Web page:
Greek Motorcycle Riders Will Get Helmet Incentives

(Photo by Eurokinissi, file)

ATHENS – Without explaining why laws requiring the use of motorcycle helmets aren’t being enforced, Greece’s new New Democracy administration is planning instead to cut the Valued Added Tax (VAT) on the safety gear from 24 to 13 percent as an incentive for their use.

“I will not accept any deviation from the obligatory use of helmets. Just like we are implementing the anti-smoking law, we are also making it absolutely clear that the use of helmets is compulsory,” Premier Kyriakos Mitsotakis said.

He added that road safety in a country with a notoriously high fatality and motor vehicle accident rate is a high priority for him but didn’t say why police just don’t stop people not using helmets – almost nobody does – and hit them with the current penalty of 350 euros ($388.64.)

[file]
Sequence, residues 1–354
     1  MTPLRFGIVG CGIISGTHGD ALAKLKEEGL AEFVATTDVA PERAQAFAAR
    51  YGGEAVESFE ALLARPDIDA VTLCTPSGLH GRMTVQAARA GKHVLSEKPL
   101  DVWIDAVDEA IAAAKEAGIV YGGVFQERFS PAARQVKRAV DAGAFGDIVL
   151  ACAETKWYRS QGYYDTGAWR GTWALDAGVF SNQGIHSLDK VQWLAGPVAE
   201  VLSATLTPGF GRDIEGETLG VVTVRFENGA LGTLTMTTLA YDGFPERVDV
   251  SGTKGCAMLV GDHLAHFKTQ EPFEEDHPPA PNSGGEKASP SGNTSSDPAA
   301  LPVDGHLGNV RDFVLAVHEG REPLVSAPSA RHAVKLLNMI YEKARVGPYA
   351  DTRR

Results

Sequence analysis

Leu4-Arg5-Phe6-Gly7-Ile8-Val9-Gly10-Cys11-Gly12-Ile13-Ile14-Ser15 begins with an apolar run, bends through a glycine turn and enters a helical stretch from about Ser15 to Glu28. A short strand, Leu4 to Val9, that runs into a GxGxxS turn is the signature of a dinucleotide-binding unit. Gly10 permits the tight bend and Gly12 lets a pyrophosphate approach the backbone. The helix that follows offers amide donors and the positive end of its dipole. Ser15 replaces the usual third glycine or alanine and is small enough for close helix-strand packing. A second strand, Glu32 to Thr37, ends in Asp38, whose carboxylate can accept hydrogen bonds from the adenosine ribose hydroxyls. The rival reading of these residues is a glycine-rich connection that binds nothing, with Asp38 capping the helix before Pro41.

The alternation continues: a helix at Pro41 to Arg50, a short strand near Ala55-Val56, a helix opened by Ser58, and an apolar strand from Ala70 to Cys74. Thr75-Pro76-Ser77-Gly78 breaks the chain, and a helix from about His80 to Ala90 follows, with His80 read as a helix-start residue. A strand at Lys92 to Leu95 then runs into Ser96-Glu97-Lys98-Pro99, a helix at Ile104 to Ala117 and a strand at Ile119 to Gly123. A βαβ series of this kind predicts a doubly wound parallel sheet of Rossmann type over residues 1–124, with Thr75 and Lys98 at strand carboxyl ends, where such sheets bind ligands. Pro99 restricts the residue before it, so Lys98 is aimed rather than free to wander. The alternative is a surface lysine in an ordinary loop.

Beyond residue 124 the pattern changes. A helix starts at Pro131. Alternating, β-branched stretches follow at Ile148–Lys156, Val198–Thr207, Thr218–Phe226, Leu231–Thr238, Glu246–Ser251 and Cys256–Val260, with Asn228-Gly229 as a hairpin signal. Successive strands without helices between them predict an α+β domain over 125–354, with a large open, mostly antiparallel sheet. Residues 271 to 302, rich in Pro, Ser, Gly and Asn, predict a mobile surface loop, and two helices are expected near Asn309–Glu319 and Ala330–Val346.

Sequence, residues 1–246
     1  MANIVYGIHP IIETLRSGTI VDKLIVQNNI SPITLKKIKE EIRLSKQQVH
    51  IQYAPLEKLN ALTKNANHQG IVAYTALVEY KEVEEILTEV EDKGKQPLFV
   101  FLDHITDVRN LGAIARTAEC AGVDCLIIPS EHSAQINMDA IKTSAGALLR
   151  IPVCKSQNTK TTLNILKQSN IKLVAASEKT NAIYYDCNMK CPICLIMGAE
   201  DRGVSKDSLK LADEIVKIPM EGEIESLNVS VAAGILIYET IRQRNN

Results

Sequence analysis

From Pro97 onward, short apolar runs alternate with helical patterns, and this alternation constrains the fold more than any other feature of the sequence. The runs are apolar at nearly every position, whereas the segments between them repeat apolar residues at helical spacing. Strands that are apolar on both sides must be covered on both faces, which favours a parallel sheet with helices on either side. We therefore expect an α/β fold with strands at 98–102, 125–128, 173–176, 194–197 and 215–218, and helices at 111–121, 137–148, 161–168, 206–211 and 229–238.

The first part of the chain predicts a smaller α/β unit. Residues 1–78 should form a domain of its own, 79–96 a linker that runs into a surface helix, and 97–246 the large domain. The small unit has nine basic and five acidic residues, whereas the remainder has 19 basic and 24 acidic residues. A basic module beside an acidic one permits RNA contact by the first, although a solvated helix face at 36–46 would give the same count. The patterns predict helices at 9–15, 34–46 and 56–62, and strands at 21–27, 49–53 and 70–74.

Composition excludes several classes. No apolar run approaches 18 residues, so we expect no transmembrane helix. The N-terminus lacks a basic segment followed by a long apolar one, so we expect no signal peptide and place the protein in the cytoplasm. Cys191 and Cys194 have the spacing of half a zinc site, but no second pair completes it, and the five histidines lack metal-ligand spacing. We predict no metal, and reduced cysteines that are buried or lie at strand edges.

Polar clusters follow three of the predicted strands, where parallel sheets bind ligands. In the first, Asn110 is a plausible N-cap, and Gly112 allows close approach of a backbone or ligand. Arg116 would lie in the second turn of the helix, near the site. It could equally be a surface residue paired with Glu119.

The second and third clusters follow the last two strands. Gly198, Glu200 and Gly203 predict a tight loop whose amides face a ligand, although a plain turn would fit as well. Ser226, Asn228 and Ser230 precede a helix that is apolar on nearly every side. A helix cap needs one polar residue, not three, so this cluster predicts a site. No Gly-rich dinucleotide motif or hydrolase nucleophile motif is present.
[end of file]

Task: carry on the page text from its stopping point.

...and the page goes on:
“It is unacceptable that so many people die in traffic accidents,” he said, stressing that his government is committed driver education, better road quality, as well as the rigorous implementation of the traffic code, but not apparently fining violators.

Riders who do have helmets mostly strap them around their elbows and former finance minister Yanis Varoufakis was famous for tooling around helmetless on his high-charged motorcycle in violation of the law and wasn’t stopped.

So many riders don’t use helmets that one social media commentator said that if the fines were enforced that Greece could pay off its 326 billion euros ($361.99 billion) debt for three international bailouts.

The measure will be included in the next tax bill after the summer, media reports said. Greek governments are often reluctant to fine law violators in fear of losing votes and many laws in the country are just simply ignored without consequence, especially on the roads.